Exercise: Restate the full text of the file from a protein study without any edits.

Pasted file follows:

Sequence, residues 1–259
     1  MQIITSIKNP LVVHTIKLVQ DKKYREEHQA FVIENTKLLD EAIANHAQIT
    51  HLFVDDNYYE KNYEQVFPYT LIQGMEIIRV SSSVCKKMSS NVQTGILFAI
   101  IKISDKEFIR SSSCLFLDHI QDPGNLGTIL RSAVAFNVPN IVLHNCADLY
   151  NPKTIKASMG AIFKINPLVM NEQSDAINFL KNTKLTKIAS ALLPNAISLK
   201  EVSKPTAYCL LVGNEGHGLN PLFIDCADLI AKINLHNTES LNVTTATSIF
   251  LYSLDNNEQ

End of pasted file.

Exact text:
Sequence, residues 1–259
     1  MQIITSIKNP LVVHTIKLVQ DKKYREEHQA FVIENTKLLD EAIANHAQIT
    51  HLFVDDNYYE KNYEQVFPYT LIQGMEIIRV SSSVCKKMSS NVQTGILFAI
   101  IKISDKEFIR SSSCLFLDHI QDPGNLGTIL RSAVAFNVPN IVLHNCADLY
   151  NPKTIKASMG AIFKINPLVM NEQSDAINFL KNTKLTKIAS ALLPNAISLK
   201  EVSKPTAYCL LVGNEGHGLN PLFIDCADLI AKINLHNTES LNVTTATSIF
   251  LYSLDNNEQ